To be more precise, IAT is the table that contains references between the function names and their virtual addresses, which are exported from different loaded modules. Each executable or DLL library contains a PE header, which has all the information that the executable needs for the operating system to start successfully, including the IAT table. To understand where the IAT table is located, we must first talk about the PE header. Now we’re ready to explore the actual IAT of the process. Let’s first present the program we’ll be using to do that: [cpp] #include “stdafx.h” #include <Windows.h> int _tmain(int argc, _TCHAR* argv[]) { HANDLE hFile = CreateFile(L"C:temp.txt", GENERIC_WRITE, 0, NULL, CREATE_NEW, FILE_ATTRIBUTE_NORMAL, NULL); if(hFile == INVALID_HANDLE_VALUE) { printf(“Unable to open file.”); } else { printf(“File successfully opened/created.”); } CloseHandle(hFile); getchar(); return 0; } [/cpp] When we compile the program, another createfilee.exe executable will be created. We can start the createfilee.exe program and let it run. It will stop the execution on the getchar() function call, which will wait until we press certain keystroke. After that, start the WinDbg debugger and attach it to the process like this:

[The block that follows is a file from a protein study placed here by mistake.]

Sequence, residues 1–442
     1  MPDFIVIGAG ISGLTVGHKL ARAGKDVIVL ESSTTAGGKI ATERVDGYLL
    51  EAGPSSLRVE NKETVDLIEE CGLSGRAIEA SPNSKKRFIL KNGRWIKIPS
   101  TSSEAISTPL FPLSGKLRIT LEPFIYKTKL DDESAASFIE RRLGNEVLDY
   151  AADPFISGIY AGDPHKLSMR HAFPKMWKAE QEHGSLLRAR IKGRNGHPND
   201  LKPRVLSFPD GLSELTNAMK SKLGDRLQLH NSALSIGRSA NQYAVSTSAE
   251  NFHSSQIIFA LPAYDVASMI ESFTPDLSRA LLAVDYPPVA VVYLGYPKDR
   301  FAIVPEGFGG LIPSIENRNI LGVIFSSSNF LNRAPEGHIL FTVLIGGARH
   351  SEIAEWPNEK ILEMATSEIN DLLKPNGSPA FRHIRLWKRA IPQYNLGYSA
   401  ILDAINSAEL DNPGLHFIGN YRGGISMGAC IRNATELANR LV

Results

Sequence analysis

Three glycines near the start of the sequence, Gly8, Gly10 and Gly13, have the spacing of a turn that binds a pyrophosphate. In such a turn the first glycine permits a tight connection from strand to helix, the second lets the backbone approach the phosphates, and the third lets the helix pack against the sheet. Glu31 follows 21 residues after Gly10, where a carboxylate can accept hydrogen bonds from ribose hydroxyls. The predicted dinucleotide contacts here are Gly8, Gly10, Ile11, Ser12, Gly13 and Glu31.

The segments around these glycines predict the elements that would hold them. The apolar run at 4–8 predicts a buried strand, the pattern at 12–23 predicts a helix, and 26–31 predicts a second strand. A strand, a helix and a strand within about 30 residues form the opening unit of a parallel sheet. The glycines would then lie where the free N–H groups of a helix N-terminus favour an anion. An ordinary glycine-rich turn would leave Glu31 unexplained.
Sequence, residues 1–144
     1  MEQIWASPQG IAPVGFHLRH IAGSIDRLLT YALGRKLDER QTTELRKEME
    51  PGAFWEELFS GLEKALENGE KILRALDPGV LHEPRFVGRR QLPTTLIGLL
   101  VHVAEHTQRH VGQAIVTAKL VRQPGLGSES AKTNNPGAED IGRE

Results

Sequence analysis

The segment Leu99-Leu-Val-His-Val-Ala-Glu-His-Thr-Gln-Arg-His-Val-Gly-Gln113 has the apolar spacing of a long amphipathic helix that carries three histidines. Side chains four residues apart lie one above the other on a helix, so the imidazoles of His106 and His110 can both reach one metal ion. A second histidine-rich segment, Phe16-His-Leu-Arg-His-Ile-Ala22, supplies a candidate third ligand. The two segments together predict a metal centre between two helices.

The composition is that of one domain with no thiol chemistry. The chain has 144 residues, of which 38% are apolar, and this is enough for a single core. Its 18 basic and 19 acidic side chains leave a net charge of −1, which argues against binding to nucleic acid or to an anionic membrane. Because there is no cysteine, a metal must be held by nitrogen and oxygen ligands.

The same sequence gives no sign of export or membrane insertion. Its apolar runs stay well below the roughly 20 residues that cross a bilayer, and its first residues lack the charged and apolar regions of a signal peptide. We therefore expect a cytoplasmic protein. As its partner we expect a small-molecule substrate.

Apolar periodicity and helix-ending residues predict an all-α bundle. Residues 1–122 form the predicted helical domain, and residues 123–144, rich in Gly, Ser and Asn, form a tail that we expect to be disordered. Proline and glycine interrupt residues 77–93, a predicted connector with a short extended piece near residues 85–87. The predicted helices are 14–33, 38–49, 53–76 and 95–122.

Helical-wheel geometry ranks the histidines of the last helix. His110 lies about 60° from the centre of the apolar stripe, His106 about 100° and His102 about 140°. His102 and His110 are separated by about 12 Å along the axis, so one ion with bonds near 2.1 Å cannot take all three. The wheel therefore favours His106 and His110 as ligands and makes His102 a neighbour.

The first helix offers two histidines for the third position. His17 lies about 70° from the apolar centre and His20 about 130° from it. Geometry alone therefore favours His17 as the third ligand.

Now we’ll use the !dh command to print the PE header elements that we need. Let’s first print all the options of the !dh command, which we can see below. If we pass the -a parameter to the !dh command, we’ll be printing everything to the console window. If we use the -f parameter, we’ll print only the file headers and with -s we’ll print only the section headers.